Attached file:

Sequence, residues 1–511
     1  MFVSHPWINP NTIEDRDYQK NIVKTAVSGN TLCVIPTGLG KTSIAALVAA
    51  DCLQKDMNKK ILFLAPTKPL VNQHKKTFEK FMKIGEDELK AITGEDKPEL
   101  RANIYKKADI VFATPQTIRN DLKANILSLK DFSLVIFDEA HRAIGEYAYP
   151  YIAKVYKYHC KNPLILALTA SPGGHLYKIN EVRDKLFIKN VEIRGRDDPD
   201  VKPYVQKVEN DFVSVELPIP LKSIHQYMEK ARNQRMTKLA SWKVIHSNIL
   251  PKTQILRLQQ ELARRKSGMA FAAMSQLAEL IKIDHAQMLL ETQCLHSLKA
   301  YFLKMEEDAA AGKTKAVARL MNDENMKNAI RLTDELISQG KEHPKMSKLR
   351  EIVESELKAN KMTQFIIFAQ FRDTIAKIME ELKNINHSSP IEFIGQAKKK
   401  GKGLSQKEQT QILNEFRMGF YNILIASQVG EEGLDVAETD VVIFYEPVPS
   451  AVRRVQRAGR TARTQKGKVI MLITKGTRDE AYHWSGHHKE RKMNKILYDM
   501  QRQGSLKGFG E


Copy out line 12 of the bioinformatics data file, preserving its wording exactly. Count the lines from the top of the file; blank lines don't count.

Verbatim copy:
   501  QRQGSLKGFG E